Do the movies work and are they any good?  So-so and yes.    The story lines are pretty good.  The acting is okay.  The special effects and action sequences are excellent and remind me of “Matrix” and “Inception“.  That’s pretty good company!   Yes, they are both predictable, but most movies are.  If you like action movies, strong (young) female heroic leads, this series is for you.  Final recommendation:  moderate to strong recommendation – entertaining action movie series that’s a bit too predictable.
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On This Day In:
2014 In My Own Vanity
2013 Filled With Words
2012 Lectio Auget Existentiae Meae
2011 Lied Lately?
2010 Born To Work At Faux News
Lost Again (Uh, Make That Still)
Qui Genus Humanum Ingenio Superavit
They’re Back… (Part 1)

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Today’s book review is: “The Aims Of Education” (1929 ©), by Alfred North Whitehead.  The book is a collection of papers and presentations (speeches) given by the author on a number of topics: education, freedom and discipline, science, the function of universities and the nature of thought itself.  Although a relatively small work, it is quite deep and scholastic / academic in tone, which will not be to everyone’s taste.
Whitehead was a mathematician who emigrated to America and became a philosopher in his later years.  Apparently, Cambridge had a lecturer time limit of twenty-five years and he was forced into retirement.  He lectured in London for another dozen years before moving to Harvard where he also spent a little over a dozen years.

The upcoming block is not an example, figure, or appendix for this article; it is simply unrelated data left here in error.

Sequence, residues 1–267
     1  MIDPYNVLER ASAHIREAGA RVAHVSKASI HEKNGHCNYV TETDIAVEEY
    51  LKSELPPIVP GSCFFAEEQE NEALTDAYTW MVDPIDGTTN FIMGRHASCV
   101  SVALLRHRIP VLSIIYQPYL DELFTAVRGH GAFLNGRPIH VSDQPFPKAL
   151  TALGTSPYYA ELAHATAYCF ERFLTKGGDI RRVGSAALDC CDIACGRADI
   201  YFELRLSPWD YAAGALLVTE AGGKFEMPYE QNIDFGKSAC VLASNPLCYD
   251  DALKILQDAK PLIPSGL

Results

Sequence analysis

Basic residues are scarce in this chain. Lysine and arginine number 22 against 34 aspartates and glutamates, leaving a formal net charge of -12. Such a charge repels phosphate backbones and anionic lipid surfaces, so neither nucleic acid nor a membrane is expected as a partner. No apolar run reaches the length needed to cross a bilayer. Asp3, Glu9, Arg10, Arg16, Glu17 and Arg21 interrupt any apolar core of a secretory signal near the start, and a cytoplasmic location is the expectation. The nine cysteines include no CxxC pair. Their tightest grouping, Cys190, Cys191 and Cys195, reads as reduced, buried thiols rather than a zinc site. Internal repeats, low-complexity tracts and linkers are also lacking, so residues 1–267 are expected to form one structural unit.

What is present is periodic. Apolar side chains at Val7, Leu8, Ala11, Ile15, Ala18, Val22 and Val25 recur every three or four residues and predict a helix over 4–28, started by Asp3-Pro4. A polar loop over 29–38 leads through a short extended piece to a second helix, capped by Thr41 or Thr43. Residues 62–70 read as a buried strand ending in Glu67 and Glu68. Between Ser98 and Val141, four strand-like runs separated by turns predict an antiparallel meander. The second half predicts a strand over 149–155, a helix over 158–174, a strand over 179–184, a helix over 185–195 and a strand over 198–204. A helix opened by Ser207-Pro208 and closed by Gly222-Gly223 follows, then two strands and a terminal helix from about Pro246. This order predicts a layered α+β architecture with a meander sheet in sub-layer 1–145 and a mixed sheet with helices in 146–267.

The book is really in two parts for me: the parts I understood and agreed with wholeheartedly (the first half of the book) and the later part (mainly dealing with the “organization of thought” and “the anatomy of some scientific ideas“) which I believe I understood, but which I disagreed with.  Metaphysically speaking, Whitehead poses that reality is what we (individually) perceive it to be and the normalization of perception is (what we agree on collectively) what we “scientifically” say is the “real” world.  In a strange way, the only things which can be real are those which we perceive to be real and on which we can agree with others in their perceptions.  This “relativism” of a perceived real world has consequences, but I’m not sure I have ever been able to get my head around them.  (I went through this in a political theory class back in my own university days.)